Skip to main content

Although the practice of enforced disappearances by the state in Turkey dates back to the early years of the Republic, its more widespread implementation has been predominantly directed towards Kurds in the context of the armed conflict that began between the Turkish Armed Forces (TSK) and the Kurdistan Workers' Party (PKK) in 1984. 

The period of the most intense occurrence of this crime was during the years 1993-1996 when the concept of low-intensity warfare was applied most harshly. Those who were forcibly disappeared were typically apprehended by state officials in front of witnesses, either from their homes, workplaces, or public areas, and their detention was openly acknowledged. The act of enforced disappearance created immense terror within the Kurdish community, subjecting both the disappeared individuals and their families to multidimensional, continuous, and systematic violence.


The Toll of War 

The reliable figures regarding the deaths of soldiers, militants, and civilians as a result of armed conflict are not yet available in Turkey. Relatively more reliable data, as in other countries, can be obtained during post-conflict periods when effective access to data sources is possible. Currently, the available data in Turkey is entirely sourced from the state. Since we do not have any other data and we want to provide an idea of the toll of the war, it is important to approach these data with caution and skepticism.


Enforced Disappearances According to Years

The approach of the Republic of Turkey towards the PKK evolved from the early 1980s' perception of "a few handfuls of bandits" to a different stance in the 1990s. Within this context, two significant developments took place: the implementation of state of emergency practices and the transformation of the military, political, and administrative institutions of the state to align with the new concept of the "enemy." 

Definitive and conclusive data regarding the total number of enforced disappearances in Turkey has not yet been established. However, when we examine the lists compiled by all institutions working in this field, while keeping in mind that this is an uncertain figure that needs to be verified, we see a total of 1,352 individuals who were reported missing since the September 12, 1980 coup d'état. According to these unconfirmed figures, the number of enforced disappearances, which stood at 108 in 1993, increased to 532 in 1994. This tremendous increase is consistent with forced migration data and illegal and arbitrary executions.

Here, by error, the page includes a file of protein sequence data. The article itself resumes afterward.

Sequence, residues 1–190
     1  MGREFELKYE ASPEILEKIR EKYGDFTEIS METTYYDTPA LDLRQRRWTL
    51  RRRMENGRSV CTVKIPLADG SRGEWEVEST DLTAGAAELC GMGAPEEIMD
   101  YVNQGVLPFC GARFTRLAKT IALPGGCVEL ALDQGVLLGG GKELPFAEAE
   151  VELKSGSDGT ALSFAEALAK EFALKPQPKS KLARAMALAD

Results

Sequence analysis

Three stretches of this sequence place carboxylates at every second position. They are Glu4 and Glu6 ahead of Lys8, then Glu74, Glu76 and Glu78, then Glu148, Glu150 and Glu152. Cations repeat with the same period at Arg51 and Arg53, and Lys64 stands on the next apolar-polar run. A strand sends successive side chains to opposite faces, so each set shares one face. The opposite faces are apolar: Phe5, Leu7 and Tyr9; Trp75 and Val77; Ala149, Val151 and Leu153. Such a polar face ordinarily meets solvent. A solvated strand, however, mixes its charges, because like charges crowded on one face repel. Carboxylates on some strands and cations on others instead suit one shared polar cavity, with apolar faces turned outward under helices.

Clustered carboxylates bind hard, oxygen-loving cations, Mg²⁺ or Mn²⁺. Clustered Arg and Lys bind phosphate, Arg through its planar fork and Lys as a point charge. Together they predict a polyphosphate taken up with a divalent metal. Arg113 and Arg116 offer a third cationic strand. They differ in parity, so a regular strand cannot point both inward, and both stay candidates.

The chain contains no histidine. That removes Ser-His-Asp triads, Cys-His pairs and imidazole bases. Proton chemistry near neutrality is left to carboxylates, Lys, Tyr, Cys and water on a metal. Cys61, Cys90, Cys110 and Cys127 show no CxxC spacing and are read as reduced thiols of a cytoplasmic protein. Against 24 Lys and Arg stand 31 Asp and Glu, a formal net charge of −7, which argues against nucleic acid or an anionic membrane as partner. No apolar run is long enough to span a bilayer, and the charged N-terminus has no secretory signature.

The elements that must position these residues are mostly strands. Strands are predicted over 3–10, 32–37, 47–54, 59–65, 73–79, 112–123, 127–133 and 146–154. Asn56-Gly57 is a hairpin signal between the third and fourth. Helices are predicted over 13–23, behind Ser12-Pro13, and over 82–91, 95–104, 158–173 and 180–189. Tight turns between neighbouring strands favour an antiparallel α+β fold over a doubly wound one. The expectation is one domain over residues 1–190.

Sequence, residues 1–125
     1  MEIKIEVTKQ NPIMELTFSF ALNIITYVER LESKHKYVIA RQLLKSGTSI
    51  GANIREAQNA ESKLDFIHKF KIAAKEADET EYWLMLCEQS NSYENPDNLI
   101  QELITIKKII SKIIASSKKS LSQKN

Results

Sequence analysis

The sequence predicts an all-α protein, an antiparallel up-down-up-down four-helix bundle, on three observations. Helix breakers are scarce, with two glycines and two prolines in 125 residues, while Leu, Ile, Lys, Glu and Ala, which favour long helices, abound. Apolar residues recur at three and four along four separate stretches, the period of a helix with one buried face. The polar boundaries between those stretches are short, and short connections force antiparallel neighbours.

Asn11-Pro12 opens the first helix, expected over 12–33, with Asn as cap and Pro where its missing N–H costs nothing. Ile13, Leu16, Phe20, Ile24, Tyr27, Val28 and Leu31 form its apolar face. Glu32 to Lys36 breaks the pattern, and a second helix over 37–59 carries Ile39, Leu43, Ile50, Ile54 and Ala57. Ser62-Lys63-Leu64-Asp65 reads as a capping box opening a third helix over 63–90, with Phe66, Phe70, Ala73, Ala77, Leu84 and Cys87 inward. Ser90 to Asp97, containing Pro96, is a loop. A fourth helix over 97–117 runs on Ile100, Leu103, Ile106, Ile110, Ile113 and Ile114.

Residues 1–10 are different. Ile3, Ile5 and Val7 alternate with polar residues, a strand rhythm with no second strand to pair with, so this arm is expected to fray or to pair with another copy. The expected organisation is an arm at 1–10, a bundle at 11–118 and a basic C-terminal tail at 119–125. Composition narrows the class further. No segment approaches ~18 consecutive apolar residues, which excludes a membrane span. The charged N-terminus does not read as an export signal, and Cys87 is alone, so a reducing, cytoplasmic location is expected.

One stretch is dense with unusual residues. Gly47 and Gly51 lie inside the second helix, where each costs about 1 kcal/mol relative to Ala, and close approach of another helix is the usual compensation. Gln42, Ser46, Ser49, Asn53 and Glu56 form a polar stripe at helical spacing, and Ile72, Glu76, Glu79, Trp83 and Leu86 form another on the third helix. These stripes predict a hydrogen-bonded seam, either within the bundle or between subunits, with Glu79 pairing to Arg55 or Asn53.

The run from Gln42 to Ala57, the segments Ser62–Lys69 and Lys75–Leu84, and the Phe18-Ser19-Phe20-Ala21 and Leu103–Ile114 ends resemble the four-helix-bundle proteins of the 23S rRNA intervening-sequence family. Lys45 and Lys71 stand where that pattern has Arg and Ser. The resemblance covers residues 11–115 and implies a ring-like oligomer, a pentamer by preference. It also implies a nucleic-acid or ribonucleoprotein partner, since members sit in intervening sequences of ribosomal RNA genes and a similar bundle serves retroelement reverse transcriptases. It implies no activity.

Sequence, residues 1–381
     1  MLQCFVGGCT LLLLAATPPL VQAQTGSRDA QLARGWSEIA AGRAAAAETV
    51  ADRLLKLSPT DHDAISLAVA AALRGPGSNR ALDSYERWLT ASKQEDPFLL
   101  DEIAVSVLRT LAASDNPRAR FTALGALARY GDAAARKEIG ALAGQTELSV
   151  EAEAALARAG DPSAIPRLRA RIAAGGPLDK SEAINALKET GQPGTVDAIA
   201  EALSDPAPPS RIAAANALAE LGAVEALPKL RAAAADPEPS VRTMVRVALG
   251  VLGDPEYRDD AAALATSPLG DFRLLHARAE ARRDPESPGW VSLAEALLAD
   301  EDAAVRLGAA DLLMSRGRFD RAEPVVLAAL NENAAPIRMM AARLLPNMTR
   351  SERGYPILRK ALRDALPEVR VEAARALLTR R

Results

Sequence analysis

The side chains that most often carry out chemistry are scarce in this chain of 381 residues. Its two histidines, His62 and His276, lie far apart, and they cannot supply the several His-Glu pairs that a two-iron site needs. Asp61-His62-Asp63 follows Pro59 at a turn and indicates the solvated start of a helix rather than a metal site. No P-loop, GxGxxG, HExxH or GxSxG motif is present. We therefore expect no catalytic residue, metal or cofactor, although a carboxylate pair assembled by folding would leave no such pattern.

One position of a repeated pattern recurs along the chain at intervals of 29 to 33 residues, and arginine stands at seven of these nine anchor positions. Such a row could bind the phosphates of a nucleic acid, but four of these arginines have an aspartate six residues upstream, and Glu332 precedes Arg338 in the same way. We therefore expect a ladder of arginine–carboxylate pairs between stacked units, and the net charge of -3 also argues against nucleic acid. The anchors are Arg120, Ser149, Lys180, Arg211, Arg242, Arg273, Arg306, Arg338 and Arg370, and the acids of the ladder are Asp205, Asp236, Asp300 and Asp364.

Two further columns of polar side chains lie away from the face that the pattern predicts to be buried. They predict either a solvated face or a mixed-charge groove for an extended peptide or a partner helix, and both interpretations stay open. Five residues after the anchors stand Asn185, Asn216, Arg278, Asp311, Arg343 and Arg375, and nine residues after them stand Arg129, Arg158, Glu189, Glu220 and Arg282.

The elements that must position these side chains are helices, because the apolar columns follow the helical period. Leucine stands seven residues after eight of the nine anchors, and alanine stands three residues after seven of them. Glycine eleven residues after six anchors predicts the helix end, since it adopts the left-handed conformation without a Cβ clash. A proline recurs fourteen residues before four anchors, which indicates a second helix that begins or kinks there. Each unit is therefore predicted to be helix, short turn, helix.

Key facts

Special Security Strategy and the New War Concept after the 1990s: In 1993, a special security strategy called "Area Dominance and Prevention of PKK Presence in the Region" was implemented by the team led by Prime Minister Tansu Çiller and Chief of General Staff Doğan Güreş. This security strategy primarily aimed to regain control over the territory by cutting off the support given by the civilian population to guerrilla forces. The forced evacuation of villages and other settlements, the increase in "unsolved" murders and extrajudicial killings, as well as enforced disappearances, became more apparent precisely after the implementation of this new "area dominance" strategy in the 1990s. 

State of Emergency Governorates (OHAL): The state of emergency was initially implemented in eight provinces in 1987: Bingöl, Diyarbakır, Elazığ, Hakkari, Mardin, Siirt, Tunceli, and Van. Later, with the inclusion of Adıyaman, Bitlis, Muş, Batman, and Şırnak, the number increased to 13. Some provinces were continuously governed under a state of emergency and martial law for 23 years. The application was extended a total of 46 times, every 4 months. The State of Emergency Regional Governorate had powers such as evacuating or banning settlements in specific locations, restricting or stopping the entry and exit of food supplies and animal feed, limiting or seizing all means of communication within the region if necessary, and even seizing them, and suspending the education in all levels of educational institutions. Moreover, through decree-laws, the status and practices of this institution were completely taken outside the scope of the law. The state of emergency ended after the last extension in the provinces of Diyarbakır and Şırnak until November 30, 2002. However, after the attempted coup on July 15, 2016, the AK Party government implemented the state of emergency once again, this time nationwide, on July 20. 

Gendermerie Intelligence and Counter-Terrorism Unit (JITEM): The Gendarmerie Intelligence and Counter-Terrorism Unit, known as JİTEM, operated as a paramilitary/counter-guerrilla structure within the framework of the "low-intensity warfare" strategy. It is primarily associated with enforced disappearances, illegal and arbitrary executions, and is based on the testimonies of a few confessors and military personnel who have spoken on this matter. According to Colonel Arif Doğan, who served in the region for a long time, confessor witnesses, village guards, civilian elements of gendarmerie intelligence, and mixed teams consisting of military personnel would abduct, torture, and assassinate individuals who were claimed to have connections with or were accused of being affiliated with the PKK.